What makes him a plus defender however is that he probably has the best hands of any prospect in the draft defensively and is an absolute menace on defense because of his timing and accuracy. He is lightning quick, but his hands may be even faster, which allows him to be a wildly impactful defender. The high basketball I.Q. he possesses helps him to interrupt defenses by jumping passing lanes and predicting offensive movements. He is an absurdly attentive defender and rarely misses an opportunity that is presented to him.
His defensive prowess typically manifests itself by creating turnovers and garnering steals. He was third in college basketball amongst players from power five schools this year in steals averaging 2.2 per game. This is especially important given his physical limitations because he can disrupt switches and can get his hand on balls from odd angles due to his length and quickness.
Kennedy Chandler, quick hands for the steal and finish. pic.twitter.com/VBum3xdp5T
— Derek Murray (@DMurrayHoops) March 19, 2022
What should instill confidence in Chandler as a defensive prospect alongside his steal numbers is his activity. Just like on the offensive side of the ball, the six-foot guard never stops moving and is absurdly active and noticeable on every possession. Defensively that allows him to create a lot of easy turnovers to create fast breaks but also it means that he can disrupt transition opportunities and prevent fast breaks with active hands and heads-up defense.
Kennedy Chandler is not a perfect prospect by any means and I am sure every team wished he was a couple of inches taller. However, given the physical limitations that he possesses, there is little more you could hope for from a prospect. How much weight you put on size in the NBA and what you think of small guards will likely guide how you feel about Chandler as a prospect.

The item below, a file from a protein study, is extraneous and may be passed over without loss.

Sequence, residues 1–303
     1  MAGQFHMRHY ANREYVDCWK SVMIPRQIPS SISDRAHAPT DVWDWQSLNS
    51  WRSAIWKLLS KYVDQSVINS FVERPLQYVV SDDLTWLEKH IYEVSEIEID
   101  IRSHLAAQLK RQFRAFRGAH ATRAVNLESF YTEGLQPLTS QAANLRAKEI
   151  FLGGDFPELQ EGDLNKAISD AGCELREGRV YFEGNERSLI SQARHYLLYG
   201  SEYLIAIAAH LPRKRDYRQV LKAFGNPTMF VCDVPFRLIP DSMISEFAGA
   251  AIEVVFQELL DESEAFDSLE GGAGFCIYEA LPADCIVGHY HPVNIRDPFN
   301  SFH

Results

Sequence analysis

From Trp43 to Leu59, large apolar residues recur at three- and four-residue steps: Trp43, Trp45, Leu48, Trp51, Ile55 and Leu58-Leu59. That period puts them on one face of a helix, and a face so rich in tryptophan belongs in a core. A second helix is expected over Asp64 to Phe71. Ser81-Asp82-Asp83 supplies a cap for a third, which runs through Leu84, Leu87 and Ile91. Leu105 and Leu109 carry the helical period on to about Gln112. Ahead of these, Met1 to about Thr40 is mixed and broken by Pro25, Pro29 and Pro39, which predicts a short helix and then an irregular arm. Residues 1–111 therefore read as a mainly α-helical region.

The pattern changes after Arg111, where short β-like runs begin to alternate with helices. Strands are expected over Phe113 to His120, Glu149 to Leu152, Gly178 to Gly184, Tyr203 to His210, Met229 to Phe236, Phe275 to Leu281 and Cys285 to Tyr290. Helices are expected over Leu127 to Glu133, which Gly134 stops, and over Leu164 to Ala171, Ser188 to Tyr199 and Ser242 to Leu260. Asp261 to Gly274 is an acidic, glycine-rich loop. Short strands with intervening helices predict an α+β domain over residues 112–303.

You will see boards with him as high as the end of the lottery as well as lists with him closer to the 40s. That sort of variability is one of the things that makes Chandler an interesting prospect. He averaged 15 points and five assists at Tennessee as a freshman, but more importantly, showed the ability to take over a game and control the pace. That is something that speaks to him as a mature player and a floor general. That sort of ability and high basketball I.Q. that KC possesses gives him a higher floor as a backup point guard even despite his size limitations, and if you believe in the shooting and the finishing at the NBA level, you could be looking at a steal towards the end of the first or the second round.